Celebrating 10 Years Of MB&F With The HMX

After 10 years, you start to look at things from a distance. The biggest gift a decade has to give is perspective — some might say chronological elision, but they are cynics.


When Maximilian Büsser left Harry Winston 10 years ago and registered MB&F, he didn’t know how things were going to play out. He didn’t know about the epoch-defining Horological Machine 3, with its multitudinous incarnations like Vishnu descending to earth in his various avatars. He didn’t know he was going to design clocks, mechanical music players, a gallery, the dreams of an entire community. He didn’t know about the Legacy Machines and the new lease of imagination they gave lovers of traditional fine watchmaking. Before the Horological Machine 1 was launched, there were times when he didn’t even know where his first watch would come from.

You look back at all 10 years of MB&F, and what you see is 10 years of unqualified success. Here is a man who left an established career path behind when he was at his professional peak, having built up Harry Winston Rare Timepieces to unprecedented heights and introduced the halo collection of Opus watches, in order to reach even greater acclaim as founder of the world’s most famous post-millennial independent watch company. You don’t see the difficult times, the times when the company bled profits, the struggles with suppliers, the thin periods of economic downturn. They were there. But more importantly, MB&F outlasted them.


The HMX signals a point in the history of the company at which a moment of retrospection is called for. The watches of MB&F — yes, even the Legacy Machines — have always been relentlessly forward looking, even as they drew on the youthful experiences and historical influences of its founder. The HMX is an open acknowledgement of everyone who has ever contributed to the past, present and future of MB&F, everyone who bought or believed in a watch unlike any other watch.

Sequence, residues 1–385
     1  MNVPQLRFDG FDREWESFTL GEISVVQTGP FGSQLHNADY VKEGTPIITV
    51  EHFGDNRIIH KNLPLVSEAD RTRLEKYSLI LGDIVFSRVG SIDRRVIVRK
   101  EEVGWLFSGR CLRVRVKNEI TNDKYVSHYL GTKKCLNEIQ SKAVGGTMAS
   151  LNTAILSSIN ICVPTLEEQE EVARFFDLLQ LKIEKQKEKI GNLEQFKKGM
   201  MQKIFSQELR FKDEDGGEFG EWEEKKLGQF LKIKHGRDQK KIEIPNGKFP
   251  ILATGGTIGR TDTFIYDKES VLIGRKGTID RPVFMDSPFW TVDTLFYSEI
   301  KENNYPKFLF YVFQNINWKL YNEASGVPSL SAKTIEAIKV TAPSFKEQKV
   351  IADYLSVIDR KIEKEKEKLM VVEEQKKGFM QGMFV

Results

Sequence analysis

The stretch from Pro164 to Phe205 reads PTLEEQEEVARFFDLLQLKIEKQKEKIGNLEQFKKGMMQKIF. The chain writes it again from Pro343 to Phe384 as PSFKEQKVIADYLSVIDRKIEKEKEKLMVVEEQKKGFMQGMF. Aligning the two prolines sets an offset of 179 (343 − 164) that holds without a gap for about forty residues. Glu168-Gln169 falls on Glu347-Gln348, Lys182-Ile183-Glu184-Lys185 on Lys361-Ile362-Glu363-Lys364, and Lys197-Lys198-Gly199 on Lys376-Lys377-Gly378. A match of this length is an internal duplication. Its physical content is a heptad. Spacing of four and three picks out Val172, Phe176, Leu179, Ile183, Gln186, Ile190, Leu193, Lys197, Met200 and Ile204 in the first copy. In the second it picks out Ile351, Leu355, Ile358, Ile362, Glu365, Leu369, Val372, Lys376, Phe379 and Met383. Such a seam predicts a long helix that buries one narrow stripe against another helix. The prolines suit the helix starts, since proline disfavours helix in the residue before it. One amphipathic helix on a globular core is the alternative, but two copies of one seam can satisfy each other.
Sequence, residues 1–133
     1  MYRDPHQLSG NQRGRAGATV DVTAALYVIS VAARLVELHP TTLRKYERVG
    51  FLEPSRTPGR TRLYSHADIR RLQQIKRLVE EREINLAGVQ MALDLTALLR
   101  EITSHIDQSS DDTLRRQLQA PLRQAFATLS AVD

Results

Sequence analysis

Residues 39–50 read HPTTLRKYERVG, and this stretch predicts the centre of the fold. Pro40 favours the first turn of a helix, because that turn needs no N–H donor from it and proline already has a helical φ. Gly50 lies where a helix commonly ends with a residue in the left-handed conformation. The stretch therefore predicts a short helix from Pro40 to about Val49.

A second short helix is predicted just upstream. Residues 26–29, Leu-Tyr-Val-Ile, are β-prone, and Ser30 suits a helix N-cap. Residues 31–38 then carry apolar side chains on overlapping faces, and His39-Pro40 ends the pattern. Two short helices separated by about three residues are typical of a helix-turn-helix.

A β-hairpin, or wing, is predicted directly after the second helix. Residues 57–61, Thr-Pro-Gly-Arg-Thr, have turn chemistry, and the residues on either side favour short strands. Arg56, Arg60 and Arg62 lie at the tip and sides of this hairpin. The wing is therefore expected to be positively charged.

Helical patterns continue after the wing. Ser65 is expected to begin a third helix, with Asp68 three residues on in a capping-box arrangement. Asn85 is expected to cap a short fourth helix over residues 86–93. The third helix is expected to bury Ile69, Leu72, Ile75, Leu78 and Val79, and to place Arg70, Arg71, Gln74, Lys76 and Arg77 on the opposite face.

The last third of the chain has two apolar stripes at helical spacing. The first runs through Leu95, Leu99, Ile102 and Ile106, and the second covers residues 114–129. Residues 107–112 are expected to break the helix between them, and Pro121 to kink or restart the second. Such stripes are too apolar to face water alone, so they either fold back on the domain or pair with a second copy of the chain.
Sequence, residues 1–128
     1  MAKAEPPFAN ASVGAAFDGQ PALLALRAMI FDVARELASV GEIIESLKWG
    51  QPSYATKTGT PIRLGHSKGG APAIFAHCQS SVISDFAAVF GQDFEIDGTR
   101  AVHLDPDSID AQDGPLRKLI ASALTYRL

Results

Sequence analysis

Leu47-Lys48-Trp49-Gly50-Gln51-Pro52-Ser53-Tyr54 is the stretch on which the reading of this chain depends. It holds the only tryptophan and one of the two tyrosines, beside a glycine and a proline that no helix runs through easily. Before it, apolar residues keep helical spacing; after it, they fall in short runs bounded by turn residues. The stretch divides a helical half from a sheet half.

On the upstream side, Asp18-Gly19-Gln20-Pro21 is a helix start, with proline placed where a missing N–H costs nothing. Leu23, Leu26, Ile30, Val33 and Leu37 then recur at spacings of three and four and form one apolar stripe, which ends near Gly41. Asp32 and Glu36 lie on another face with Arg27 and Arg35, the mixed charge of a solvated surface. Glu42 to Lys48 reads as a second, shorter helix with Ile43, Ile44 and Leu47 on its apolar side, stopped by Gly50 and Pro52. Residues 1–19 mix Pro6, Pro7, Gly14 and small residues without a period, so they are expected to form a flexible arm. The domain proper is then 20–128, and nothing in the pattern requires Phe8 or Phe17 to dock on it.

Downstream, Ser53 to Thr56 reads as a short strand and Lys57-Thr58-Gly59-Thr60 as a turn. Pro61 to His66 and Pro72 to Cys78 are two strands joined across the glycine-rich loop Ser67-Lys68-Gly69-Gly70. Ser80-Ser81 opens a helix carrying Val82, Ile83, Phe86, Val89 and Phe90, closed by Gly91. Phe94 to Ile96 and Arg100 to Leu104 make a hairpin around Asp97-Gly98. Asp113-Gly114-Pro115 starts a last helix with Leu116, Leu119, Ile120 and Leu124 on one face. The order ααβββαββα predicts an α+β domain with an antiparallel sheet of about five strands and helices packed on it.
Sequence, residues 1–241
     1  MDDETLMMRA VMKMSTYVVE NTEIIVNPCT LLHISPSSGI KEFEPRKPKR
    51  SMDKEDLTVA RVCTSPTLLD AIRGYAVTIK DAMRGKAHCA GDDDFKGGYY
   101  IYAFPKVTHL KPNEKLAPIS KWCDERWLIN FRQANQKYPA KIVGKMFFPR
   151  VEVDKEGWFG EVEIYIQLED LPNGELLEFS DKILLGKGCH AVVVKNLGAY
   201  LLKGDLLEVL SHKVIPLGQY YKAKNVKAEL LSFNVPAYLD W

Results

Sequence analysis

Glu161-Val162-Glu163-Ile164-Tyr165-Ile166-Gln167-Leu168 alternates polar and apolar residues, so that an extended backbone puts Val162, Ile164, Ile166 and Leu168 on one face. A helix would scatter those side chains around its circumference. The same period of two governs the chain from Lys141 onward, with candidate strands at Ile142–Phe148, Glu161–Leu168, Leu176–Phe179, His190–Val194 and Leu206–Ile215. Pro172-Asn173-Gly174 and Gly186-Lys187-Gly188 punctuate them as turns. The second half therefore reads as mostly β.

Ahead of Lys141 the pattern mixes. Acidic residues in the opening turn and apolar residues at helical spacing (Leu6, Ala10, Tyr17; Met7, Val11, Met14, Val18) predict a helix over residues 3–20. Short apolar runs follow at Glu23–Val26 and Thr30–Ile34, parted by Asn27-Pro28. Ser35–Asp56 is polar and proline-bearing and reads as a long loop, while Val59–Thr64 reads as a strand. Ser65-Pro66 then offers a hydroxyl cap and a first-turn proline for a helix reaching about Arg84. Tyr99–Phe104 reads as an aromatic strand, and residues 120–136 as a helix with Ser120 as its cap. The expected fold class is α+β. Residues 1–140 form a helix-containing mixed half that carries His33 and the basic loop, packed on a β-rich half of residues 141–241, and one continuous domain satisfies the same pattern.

Looking down the face of the HMX, you can see its present, in the form of the insistent time display, refracted through two prisms that flood with light from any overhead source. You see its past, in the form of its movement that lays out before you the origins of this time. And the future of the watch, the future of MB&F, is completed by the wearing of the HMX — it is once again fulfilled by the support of those who love the brand and want to possess its creations.


It’s no surprise that the HMX shares its greatest kinship with the HM5, the machine with a name that celebrates journeys — “On The Road Again”. After all, the “X” in HMX is the Roman numeral for 10, but it also signals the culmination of a decade-long odyssey. Just like in a boy’s adventure story, X marks the spot.

Happy birthday, MB&F. Just for now, we can stop thinking about the past and the future. Here’s to your greatest present of all.


Limited edition of 4 x 20 pieces in grade 5 titanium and stainless steel

Three-dimensional horological engine, composed of a jumping hour and trailing minutes module developed in-house by MB&F, powered by a Sellita gear train. Mechanical movement, automatic winding 22K gold automatic winding rotor

Power reserve: 42 hours Balance frequency: 28,800bph/4Hz. Number of components: 223 Number of jewels: 29

Bi-directional jumping hours and trailing minutes, displayed by dual reflective sapphire crystal prisms with integrated magnifying lens

Grade 5 titanium and stainless steel with detailing in Lotus black, British racing green, Bugatti blue or Ferrari red Dimensions: 46.8 x 44.3 x 20.7 mm Number of components: 44

Water resistance: 30m / 90’ / 3atm

Sapphire crystals on top, front and display back treated with anti-reflective coating on both faces Dual reflective sapphire crystal prisms with integrated magnifying lens

Partially perforated calfskin strap with colour complementary to Engine, titanium tang buckle.

source: revo-online.com by SUZANNE WONG

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